The heavy clay soils have traditionally made settlement difficult and there are still significant areas which are sparsely settled including, for example, the land to the north of Chalgrove. The settlement pattern is characterised by a well-defined pattern of small to medium-sized nucleated villages and sparely dispersed farmhouses located mainly within the farming units rather than bordering roadsides. The vernacular character is quite prominent in most of the villages, especially in Weston-on-the Green, Blackthorn, Little Milton and Little Haseley. In the Vale of White Horse, the traditional vernacular character is particularly prominent in Shellingford, Baulking, Goosey, Uffington and Woolstone. The building materials vary depending on the locality. In the Ironstone area, they consist of ironstone and stone tiles, whereas they are mainly limestone and stone tiles within the Upper Thames area. In the Vale of Aylesbury, houses are built of either brick or stone, with bricks around the windows, and clay tiles. In the Vale of White Horse, the main materials are stone, with bricks around the windows, and clay or stone tiles or thatch. In villages such as Uffington and Baulking, houses are often built of clunch, a type of chalk, along with bricks with clay tiles or thatched roofs.
A low-lying, gently rolling landform characterised by woodlands, small fields, hedges and tree-lined watercourses with a number of important habitats including ancient semi-natural woodland, species-rich hedges with trees and parkland.
• Predominantly low-medium to medium bioscores/biobands.
• It supports a range of locally important habitats including deciduous woodlands, plantations, semi-improved grassland and species-poor hedges with trees. Priority habitats include species-rich hedgerows and watercourses, neutral grassland and reedswamp.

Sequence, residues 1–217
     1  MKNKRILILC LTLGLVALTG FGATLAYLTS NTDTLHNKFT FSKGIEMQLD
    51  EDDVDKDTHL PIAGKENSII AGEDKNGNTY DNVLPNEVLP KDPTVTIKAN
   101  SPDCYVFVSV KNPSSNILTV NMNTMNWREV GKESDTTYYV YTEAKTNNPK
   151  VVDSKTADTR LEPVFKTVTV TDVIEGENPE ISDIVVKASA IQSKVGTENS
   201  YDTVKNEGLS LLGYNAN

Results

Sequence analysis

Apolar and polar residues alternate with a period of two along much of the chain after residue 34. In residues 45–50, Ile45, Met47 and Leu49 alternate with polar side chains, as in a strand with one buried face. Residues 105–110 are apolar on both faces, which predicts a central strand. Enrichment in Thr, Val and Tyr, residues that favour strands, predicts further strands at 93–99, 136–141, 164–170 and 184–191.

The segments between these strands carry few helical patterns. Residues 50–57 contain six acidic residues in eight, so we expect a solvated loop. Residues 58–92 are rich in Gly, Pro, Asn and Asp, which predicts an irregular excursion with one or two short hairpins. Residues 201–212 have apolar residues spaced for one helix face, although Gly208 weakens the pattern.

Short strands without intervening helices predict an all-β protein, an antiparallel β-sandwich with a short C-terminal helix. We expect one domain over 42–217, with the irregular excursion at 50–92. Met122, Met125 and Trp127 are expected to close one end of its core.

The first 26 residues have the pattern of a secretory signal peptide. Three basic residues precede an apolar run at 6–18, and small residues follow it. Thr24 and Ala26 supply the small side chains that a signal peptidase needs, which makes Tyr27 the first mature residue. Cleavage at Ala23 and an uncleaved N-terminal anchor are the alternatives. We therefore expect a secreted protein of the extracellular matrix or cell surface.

This is a large landscape type, occupying around 8.6% of the rural county. It supports a wide range of locally important habitats such as deciduous woodland, plantations, scrub, semi-improved grassland and tree-lined watercourses. Other important habitats include ancient semi-natural woodland, parkland, wet grassland and species-poor watercourses. There are a range of priority habitats including species-rich hedgerows with trees, neutral grassland and dry meadows, fen, reedswamp and species-rich watercourses. A number of the ancient woods are over 10 ha and in favourable condition. The unimproved grassland and meadows are around 5-6 ha, with the largest being Fernham meadows in the Vale of White horse at just over 18 ha, and they are not always in favourable condition and management. Within such a large landscape type, many of these key sites are relatively small and isolated. The majority of the local character areas have low-medium to medium bioscores.
LOCAL CHARACTER AREAS
This is a pastoral landscape dominated by small-sized, regular fields of semi-improved grassland with a distinctive pattern of ridge and furrow in some areas. Some of the pasture close to the river Cherwell includes neutral and wet grassland habitats. Mature oak and ash hedgerow trees are a notable feature, although they become sparser to the west of the river Cherwell. The hedgerow network is well-defined with intact hedges of hawthorn and elm. They are rather low, but are noticeably taller to the west of the river. Occasionally, where hedges are bordered by ditches the trees are denser and include pollarded willows. A small number of poplar plantations add to the tree cover.